Let us assume both husband and wife are qualified to get Social Security benefits. One may be larger than the other.

For example, husband is 61, and wife is 60.

If husband dies suddenly, then what happens to his SS benefits?

  1. Can the wife start getting husband's benefits right away?
  2. When she becomes SS benefit eligible, does she get BOTH the benefits? Or she has to chose?
  3. How can she maximize the benefits?

4 Answers 4


Let me preface this by saying that tax law changes occur periodically so I have no clue what the current law offers in regard to your question.

Here's an old article that addresses the issue of where the higher earning spouse dies and the survivor is eligible for the Social Security survivor benefit.

With that said, you should contact the Social Security Administration either via their web site or directly and determine what choices you are eligible for you as well as the projections for each.


She gets either the amount she would get based on her own account with social security, or the survivor benefit from his account, whichever is larger.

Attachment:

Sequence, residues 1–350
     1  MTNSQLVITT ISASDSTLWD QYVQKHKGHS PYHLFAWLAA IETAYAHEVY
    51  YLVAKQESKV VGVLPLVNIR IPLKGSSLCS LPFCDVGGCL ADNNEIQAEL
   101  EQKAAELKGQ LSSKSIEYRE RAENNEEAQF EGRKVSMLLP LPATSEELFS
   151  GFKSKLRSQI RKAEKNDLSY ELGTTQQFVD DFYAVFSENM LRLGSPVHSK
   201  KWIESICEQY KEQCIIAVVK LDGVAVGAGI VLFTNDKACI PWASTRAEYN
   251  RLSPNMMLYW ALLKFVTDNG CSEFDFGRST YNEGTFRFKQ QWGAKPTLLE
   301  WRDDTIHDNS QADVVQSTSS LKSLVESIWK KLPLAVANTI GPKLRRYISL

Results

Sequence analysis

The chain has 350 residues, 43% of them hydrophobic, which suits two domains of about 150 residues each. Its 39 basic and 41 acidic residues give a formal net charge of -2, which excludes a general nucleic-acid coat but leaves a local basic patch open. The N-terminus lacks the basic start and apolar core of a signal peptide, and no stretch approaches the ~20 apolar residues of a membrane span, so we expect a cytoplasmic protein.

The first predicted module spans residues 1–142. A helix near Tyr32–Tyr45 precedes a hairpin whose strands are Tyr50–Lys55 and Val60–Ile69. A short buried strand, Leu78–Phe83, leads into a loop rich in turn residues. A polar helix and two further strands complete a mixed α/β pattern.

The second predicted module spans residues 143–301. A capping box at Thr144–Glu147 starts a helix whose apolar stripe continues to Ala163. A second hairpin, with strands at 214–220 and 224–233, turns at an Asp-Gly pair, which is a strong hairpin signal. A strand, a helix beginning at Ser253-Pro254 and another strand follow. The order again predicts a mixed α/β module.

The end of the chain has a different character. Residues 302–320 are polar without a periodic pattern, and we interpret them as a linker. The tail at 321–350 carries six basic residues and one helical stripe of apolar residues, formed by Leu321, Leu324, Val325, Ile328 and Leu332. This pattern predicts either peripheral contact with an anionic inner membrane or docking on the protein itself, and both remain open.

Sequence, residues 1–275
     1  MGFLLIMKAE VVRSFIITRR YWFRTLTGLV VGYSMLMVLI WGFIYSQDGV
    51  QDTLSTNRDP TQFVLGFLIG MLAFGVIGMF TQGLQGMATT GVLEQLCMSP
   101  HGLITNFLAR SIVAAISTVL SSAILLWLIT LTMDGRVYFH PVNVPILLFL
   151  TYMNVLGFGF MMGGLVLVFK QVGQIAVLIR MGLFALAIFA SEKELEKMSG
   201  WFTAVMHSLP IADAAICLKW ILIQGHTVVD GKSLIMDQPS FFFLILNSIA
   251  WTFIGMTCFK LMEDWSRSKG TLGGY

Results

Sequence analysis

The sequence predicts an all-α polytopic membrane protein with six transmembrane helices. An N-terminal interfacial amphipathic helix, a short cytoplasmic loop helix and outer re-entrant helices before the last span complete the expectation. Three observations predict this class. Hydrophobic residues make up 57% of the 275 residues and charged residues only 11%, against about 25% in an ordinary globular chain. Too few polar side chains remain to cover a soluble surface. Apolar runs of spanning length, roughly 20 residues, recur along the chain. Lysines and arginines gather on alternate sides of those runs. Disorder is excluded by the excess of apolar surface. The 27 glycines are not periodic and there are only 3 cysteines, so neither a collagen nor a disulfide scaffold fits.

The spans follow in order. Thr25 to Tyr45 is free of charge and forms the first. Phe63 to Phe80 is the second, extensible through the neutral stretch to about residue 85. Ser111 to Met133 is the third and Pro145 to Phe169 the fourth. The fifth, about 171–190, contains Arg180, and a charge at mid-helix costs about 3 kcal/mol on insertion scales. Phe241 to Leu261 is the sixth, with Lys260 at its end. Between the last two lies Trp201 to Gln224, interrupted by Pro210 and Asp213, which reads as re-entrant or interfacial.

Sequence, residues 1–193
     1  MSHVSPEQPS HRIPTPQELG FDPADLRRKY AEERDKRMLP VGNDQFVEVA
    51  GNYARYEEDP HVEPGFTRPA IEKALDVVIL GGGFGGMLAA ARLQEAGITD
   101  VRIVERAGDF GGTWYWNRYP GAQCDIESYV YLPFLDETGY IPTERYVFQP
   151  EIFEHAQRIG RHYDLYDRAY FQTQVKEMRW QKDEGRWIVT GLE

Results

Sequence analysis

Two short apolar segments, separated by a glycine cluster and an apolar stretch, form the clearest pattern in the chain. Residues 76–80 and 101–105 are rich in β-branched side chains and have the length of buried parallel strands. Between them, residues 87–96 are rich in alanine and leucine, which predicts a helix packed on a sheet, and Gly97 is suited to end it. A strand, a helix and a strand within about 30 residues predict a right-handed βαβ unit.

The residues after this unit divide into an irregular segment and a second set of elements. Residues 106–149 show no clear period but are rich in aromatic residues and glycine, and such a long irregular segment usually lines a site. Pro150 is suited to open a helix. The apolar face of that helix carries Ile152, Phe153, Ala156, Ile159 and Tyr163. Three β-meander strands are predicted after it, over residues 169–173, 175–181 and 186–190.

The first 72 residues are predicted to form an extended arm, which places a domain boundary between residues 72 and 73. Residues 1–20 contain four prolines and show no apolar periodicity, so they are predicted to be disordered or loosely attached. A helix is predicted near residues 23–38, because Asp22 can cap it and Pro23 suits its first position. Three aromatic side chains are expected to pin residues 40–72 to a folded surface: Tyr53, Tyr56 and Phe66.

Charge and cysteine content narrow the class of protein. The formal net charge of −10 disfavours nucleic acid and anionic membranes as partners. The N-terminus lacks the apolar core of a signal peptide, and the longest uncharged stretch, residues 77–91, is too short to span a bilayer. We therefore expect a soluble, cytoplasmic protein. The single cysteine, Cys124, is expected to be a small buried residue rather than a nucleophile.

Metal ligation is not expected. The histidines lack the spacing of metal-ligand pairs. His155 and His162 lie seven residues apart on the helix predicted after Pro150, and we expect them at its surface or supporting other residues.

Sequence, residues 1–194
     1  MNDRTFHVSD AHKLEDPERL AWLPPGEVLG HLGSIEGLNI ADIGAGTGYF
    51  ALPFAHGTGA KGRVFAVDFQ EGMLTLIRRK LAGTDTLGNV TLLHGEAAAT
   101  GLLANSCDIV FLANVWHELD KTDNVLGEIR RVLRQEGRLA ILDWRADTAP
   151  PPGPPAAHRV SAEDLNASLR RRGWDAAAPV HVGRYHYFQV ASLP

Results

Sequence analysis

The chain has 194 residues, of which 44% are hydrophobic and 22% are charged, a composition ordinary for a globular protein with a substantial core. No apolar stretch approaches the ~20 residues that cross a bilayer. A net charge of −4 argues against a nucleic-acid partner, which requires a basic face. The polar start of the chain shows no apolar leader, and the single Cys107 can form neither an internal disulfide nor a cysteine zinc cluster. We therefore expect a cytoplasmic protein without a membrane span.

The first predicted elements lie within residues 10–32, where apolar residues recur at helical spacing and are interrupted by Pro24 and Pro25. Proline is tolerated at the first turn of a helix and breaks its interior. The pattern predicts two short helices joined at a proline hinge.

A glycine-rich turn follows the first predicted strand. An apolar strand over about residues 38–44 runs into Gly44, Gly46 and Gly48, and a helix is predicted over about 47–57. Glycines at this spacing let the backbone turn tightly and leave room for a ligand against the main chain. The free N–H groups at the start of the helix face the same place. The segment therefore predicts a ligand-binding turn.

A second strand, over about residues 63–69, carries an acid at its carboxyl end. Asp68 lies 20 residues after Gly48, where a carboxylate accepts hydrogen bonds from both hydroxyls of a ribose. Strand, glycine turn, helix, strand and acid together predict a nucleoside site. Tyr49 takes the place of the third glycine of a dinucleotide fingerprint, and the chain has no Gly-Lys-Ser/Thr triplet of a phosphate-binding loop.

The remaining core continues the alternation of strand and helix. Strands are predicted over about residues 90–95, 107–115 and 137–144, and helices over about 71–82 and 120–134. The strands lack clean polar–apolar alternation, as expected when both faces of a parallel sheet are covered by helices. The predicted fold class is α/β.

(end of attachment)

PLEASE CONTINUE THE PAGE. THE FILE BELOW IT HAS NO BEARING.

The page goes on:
With both under 62, as suggested, she can get neither. However, when he would have been eligible, she can get his amount even though she is still 61.

If her amount is higher, she can switch to that any time after she turns 62. However: it’s not automatic: you have to file for it, and it starts after you file—not retroactive.

When I was sixty, I filed for and began receiving my late wife’s SS. When I turned 62, I switched and doubled my income.

More info at https://www.ssa.gov/benefits/survivors/ifyou.html


RE: "How can she maximize the benefits?" This could actually be super complicated. So much so, that a whole cottage industry of software packaged designed to help people, see for example this list: https://www.thebalance.com/social-security-calculators-2388936 it may be worth seeking the advice of a knowledgeable CFP to help it out.

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